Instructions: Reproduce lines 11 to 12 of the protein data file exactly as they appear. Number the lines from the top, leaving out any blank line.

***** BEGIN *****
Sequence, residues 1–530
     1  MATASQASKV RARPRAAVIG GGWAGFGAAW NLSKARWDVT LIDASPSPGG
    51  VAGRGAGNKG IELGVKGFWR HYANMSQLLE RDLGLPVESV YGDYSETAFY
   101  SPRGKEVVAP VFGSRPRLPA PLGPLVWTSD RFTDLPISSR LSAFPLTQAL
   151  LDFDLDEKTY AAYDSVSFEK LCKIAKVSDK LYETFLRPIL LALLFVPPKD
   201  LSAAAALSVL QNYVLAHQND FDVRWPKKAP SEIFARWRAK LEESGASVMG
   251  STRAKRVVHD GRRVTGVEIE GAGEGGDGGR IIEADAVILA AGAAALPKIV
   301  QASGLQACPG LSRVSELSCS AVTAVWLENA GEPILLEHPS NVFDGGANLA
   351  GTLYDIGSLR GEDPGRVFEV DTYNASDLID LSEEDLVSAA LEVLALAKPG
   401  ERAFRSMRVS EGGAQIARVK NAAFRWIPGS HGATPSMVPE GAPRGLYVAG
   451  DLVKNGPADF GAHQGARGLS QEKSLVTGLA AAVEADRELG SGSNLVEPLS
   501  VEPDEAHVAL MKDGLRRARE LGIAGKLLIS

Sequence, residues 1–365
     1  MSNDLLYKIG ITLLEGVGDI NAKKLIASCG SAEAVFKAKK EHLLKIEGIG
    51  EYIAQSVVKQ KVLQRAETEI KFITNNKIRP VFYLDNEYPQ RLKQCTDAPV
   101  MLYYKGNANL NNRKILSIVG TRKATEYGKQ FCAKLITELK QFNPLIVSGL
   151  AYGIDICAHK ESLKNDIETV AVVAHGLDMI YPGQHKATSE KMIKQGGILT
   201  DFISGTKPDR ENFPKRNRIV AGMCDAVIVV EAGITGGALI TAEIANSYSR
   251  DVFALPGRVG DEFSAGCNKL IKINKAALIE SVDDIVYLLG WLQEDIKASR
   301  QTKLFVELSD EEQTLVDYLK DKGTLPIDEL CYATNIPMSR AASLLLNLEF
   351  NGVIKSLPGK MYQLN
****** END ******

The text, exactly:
   451  DLVKNGPADF GAHQGARGLS QEKSLVTGLA AAVEADRELG SGSNLVEPLS
   501  VEPDEAHVAL MKDGLRRARE LGIAGKLLIS